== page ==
The Tel Aviv District Labor Court was last week asked to approve a class action suit against Facebook for allegedly encouraging discrimination against older people in its management system for ad campaigns, which allow restrictions in the age ranges in potential exposure for job advertisements.
According to Advs. Matan Gutman and Nir Friedman who filed the class action suit, personal and focused ad tool that Facebook has developed allows and encourages companies to place job ads on social media which discriminate and exclude people based on age, gender and place of residence. Consequently, many people, especially those over 40, are not exposed to major job opportunities.
Among those behind the class action suit is Alla Lev, and experience sales and marketing executive who was born in 1967 and is denied exposure to job ads by Facebook’s tools.
In order to place a jobs ad on Facebook, human resources managers must enter Facebook’s campaign management system, as with any type of advertisement. The system facilitates segmentation in order to focus the ad to target audiences according to age, gender, place of residence, language and hobbies.
Many such ads from tech companies and placement agencies and even government companies use this targeting. However, although the class action gives examples, the suit itself is directed against Facebook and not the companies placing alleged discriminatory ads.
Among the companies mentioned in the class action suit for placing such ads are Playtika, Tailor Brands, Sensibo, Elementor, and 888 as well as the Israel Electric Corp. and Bank of Israel. One medical institution in Central Israel restricted an ad for a sales call center manager to men aged between 30 and 45.
Gambling company 888, for example, placed two ads for different management vacancies for people aged between 25 and 39. Sensibo did not expose its ads to anyone over 40 and other companies like Playtika and Tailor Brands set an upper age limit of 45.
Elementor, whose founders are haredi, is known for the social diversity of its work force and integrating staff from Israel’s social periphery. But it advertised for a commercial partnerships manager aged 26-50.
Elementor VP HR Ariela Bichler said, “Today Elementor’s employees comes from throughout the country and the world, from all genders, population sectors and religions, between the ages of 21 and 61 and not only the range of ages that appears in some of the ads. We proactively hired these employees from a broad spectrum of ages in order to work at the company.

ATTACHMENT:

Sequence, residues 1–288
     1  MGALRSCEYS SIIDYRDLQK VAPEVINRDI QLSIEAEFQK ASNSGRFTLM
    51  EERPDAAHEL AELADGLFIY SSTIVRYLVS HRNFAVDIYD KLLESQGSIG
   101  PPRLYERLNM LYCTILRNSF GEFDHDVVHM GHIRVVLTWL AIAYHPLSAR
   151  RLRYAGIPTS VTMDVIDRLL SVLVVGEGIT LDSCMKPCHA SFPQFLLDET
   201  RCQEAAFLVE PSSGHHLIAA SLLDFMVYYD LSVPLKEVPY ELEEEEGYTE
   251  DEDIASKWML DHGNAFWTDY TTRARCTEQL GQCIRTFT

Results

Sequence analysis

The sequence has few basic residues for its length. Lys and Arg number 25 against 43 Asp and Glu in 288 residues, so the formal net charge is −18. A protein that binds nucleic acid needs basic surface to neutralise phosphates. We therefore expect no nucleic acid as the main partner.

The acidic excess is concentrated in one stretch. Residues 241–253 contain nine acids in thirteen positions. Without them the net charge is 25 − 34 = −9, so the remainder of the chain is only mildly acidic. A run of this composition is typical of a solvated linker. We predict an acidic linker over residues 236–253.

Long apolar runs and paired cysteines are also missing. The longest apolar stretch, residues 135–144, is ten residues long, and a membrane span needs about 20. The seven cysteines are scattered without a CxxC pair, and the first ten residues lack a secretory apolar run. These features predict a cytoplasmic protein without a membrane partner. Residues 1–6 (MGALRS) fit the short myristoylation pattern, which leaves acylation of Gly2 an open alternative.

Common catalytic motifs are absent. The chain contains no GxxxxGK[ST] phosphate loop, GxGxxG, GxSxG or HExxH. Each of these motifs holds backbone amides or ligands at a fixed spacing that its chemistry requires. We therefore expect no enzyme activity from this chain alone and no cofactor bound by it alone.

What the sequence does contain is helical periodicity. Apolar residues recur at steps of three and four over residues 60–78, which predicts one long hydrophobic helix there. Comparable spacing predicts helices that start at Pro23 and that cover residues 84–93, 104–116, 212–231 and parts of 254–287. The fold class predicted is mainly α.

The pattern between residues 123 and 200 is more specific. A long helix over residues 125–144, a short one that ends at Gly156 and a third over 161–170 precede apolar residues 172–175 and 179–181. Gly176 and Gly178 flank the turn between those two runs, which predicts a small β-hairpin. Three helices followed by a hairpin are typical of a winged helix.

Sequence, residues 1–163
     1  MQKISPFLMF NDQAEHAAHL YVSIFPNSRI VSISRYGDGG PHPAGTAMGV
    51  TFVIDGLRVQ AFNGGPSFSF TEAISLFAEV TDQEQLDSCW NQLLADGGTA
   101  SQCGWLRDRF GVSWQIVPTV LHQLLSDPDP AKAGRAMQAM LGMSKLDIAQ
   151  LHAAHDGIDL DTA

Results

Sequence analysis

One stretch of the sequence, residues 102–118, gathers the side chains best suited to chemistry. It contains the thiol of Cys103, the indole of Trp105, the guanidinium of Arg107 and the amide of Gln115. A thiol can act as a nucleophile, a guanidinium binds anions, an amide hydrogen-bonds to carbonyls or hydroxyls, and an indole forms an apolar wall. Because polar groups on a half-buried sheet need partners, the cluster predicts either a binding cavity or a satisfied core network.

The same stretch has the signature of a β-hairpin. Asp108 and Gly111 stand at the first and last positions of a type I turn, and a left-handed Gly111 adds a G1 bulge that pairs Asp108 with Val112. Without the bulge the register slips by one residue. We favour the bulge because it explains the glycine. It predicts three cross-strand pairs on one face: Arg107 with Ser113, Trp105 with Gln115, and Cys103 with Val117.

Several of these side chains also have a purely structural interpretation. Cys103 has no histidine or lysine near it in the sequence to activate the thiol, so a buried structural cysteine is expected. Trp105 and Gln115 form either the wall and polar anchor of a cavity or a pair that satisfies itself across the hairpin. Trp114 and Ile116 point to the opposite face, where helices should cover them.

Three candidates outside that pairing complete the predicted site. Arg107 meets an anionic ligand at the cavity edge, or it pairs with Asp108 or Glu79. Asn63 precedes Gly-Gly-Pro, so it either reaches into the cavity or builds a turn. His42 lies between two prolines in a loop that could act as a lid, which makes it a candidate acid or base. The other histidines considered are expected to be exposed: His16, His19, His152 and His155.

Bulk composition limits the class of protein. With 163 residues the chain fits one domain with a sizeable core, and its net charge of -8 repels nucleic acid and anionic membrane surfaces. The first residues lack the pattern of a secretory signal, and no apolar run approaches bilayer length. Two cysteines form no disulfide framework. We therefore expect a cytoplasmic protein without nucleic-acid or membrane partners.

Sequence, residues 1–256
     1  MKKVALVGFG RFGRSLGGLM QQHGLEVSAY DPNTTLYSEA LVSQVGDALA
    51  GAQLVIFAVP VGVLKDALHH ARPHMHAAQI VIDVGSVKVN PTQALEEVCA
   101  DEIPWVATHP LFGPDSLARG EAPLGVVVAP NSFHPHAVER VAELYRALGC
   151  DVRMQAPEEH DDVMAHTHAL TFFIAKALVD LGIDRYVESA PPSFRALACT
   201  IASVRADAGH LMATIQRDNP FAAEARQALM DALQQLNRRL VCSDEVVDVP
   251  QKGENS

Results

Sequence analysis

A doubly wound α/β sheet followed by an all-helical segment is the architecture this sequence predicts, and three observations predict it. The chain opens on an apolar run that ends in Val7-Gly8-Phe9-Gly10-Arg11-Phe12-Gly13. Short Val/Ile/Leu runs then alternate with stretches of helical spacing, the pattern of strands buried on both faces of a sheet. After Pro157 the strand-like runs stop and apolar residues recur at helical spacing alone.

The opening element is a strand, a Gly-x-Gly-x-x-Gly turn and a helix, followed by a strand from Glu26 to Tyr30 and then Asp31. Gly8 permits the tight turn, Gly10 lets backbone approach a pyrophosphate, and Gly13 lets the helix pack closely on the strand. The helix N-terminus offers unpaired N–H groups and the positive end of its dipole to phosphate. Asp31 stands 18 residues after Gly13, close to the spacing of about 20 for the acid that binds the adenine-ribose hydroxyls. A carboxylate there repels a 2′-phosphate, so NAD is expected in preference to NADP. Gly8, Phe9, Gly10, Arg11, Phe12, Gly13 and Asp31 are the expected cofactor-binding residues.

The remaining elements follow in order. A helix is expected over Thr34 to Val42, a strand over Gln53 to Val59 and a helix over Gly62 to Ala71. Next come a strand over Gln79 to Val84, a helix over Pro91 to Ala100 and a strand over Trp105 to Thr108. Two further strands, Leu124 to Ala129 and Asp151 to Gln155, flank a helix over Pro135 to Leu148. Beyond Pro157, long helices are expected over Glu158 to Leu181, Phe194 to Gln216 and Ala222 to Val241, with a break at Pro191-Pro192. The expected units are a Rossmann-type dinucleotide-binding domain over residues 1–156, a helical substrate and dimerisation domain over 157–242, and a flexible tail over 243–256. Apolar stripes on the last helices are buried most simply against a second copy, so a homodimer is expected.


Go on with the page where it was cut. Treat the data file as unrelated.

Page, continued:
Our rate of growth is one of the fastest in the country and we are proud of the range of our employees and make it our concern to diversify work teams in the company.”
Adv. Gutman said, “The Equal Opportunities in Employment Law explicitly prohibits advertising discriminatory ads. Clause 8 of the Law sets that it is prohibited to publish advertisements which discriminate according to gender, age, race, place of residence etc. If we compare Facebook to the old world, it is like contacting a newspaper and asking to publish an advertisement and the service representative of the newspaper proposing that the employer advertise only for men, or young people aged 25 to 35 from North Tel Aviv. It is clear that such an action would be prohibited in the physical world and so it is surely prohibited in the online world.”
Following lawsuits by human rights organizations in the US and Canada, Facebook has already stopped the practice there of allowing advertisers for jobs to target their ads and Facebook has launched a designated job ads page which is open to all.
The Israeli lawsuit does not state how much compensation is being demanded. The Equal Opportunities in Employment Law allows for up to NIS 50,000 compensation per discriminatory ad without the need to prove damage, so that potentially Facebook could be asked to pay hundreds of billions of dollars to hundreds of thousands of job seekers.
Published by Globes, Israel business news – en.globes.co.il – on September 29, 2021
Copyright of Globes Publisher Itonut (1983) Ltd. 2021